The scene opens on Barceloneta, by the shore, and four girls sit together near the boardwalk, looking out at the beach. The Movistar+ original series “Simple” begins as its title suggests, with a concise portrait of each of the four characters, prominent personality traits on display.

Scripting ebullient women is something Spanish director Anna R. Costa never shies from, molding distinctive characters that permeate their scenes long after their exit. On the heels of her prior work on the Movistar+ sensation “Arde Madrid,” the streamer’s most-binged series after its premiere, “Simple” further proves that diverse female leads are in-demand, though, Costa admits, perhaps on account of their numbers. “In a matter of five years the audiovisual industry has made a strong commitment to the feminine.

But let’s not forget that we’re fashionable because we’re currency, our topics are interesting because they generate money,” she says. “What’s certain is that the masculine universe is rooted, while the feminine rests in quicksand. There’s still a lack of female characters that show that women have a much broader human arc than men.”

Co-directed by Laura Jou (“Cucut”) and inspired by the acclaimed abstract novel “Lectura Fácil” written by Cristina Morales, the series revolves around the four female rommmates, all of whom have disabilities, and their quest to adjust to the often-ridiculous societal norms imposed upon them.

Costa admits the show was an arduous labor of love, as “anyone who read the novel told me that it was impossible to adapt. Movistar gave me the opportunity. They made a development contract, but almost with the convition that I wasn’t going to get it out.”

She continues: “It’s complex to put yourself in the minds of people who see the world from such a different perspective.” Characters Marga (Natalia de Molina), Patri (Anna Marchesi ), Nati (Anna Castillo) and Angels (Coria Castillo) storm through the banalities of everyday life, from rebellious Nati accessing her repressed love of dance after a run-in with a wild turkey, to the whole group struggling, in vain, to open impossibly sturdy plastic snack packaging.

Reuniting Costa with “Arde Madrid” producer Sandra Hermida (“Biutiful”), the five-episode comedy fuses sardonic humor with Costa’s inherent drive to find the humanity in every scene, the actors having studied the script under those with the same functional diversities they were depicting.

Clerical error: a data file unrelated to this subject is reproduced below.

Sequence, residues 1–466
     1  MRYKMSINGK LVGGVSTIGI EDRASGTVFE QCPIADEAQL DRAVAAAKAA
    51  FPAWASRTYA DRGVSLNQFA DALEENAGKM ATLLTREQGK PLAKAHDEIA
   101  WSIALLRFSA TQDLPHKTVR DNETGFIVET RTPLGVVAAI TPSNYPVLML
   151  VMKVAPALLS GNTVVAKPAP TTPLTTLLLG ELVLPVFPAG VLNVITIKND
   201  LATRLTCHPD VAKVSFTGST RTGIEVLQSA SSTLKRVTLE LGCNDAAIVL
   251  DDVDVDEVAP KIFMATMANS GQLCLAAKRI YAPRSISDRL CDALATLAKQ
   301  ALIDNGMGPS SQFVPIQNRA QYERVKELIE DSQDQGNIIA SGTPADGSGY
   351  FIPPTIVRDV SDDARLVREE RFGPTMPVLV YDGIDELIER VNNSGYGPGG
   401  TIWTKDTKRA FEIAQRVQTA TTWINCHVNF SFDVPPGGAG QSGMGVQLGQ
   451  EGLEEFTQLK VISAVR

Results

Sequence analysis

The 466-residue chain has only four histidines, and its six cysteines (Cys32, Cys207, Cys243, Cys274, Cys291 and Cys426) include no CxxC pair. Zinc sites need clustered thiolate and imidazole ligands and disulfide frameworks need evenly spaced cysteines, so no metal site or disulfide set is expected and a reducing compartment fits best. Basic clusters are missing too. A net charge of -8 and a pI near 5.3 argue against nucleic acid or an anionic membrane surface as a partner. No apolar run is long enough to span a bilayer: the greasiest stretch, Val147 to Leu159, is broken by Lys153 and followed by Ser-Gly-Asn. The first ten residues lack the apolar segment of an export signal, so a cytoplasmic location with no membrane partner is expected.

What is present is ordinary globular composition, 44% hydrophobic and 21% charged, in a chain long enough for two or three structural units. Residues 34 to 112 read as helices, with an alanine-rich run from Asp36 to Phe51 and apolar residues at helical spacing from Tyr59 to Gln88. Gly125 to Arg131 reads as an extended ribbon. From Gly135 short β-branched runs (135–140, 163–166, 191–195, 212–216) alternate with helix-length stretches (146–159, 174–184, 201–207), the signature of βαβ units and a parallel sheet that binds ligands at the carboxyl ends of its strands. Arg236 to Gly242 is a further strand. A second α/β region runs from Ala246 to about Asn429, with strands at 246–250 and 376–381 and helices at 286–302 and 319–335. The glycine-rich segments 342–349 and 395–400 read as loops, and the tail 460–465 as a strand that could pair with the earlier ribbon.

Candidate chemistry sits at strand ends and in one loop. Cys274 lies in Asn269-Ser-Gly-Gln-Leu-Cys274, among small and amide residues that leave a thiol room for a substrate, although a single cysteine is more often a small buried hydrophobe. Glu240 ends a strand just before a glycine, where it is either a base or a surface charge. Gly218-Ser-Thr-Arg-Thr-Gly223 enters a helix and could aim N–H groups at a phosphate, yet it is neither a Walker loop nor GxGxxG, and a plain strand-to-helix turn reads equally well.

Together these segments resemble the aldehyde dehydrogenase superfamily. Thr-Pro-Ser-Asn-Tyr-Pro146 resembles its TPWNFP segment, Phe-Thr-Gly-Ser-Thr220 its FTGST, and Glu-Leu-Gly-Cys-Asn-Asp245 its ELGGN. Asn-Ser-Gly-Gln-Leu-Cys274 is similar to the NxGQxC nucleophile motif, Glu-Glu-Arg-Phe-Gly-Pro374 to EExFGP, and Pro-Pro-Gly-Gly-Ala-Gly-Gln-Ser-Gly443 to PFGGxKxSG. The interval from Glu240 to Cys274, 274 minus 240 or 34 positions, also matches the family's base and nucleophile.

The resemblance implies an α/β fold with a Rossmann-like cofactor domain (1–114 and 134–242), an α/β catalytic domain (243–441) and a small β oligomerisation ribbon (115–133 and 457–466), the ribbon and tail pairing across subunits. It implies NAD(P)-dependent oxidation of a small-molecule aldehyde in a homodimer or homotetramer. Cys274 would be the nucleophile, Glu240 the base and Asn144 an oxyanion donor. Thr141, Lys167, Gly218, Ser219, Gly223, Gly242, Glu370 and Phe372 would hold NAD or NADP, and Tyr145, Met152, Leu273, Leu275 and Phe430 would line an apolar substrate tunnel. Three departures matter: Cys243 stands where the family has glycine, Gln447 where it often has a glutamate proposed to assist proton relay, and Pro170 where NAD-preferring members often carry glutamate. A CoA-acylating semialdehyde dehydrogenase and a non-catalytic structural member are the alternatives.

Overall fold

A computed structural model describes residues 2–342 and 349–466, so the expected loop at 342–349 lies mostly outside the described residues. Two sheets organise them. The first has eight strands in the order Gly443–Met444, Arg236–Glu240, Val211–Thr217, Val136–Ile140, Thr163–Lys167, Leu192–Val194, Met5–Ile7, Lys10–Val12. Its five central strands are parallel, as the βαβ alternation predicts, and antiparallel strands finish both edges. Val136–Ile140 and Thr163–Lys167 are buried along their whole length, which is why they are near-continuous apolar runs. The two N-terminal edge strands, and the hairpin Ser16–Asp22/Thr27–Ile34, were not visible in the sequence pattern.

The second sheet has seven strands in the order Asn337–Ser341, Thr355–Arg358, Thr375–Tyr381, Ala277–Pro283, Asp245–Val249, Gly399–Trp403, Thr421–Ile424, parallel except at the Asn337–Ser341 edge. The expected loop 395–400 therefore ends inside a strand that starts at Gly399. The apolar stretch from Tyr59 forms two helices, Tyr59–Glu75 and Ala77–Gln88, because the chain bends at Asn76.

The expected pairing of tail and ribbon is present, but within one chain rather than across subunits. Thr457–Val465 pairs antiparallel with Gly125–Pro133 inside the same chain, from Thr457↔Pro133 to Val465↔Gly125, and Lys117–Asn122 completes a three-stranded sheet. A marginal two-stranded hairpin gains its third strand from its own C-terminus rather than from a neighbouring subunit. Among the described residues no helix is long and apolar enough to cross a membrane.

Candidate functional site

Plotlines, co-written by Christina Pons (“El Cid”), are near valiant in portraying the agency and autonomy of the women as they warm to the selves they’re unraveling, living within their differences rather than merely suffering or tolerating them.

From budgets to boyfriends, setting boundaries and grappling with sexual health issues, each character grows into their role in earnest. In the end, the protagonists navigate a world that, despite all its advancements, still refuses to accommodate them. “We live in a world based on comparison. The smart ones, the handsome, the ugly, and so on. Self-governance is only possible without these comparisons,” Costa says.

“Everyone should be able to meet their needs with respect, without hurting anyone. Hence the title. It’s actually simple at the individuallevel, self-governance; but it’s impossible if you have to be accountable to the state, to your family, to institutions, and to every god,” she continues.

Costa concludes by posing a question: “How on earth has society relegated certain people to the margins based solely on their gender, race, cognition, forcing them into social isolation, challenging and abusing them just so they can reclaim their sense of belonging? Isn’t it easier for all people to be considered first-class beings, to develop according to their own abilities and desires?”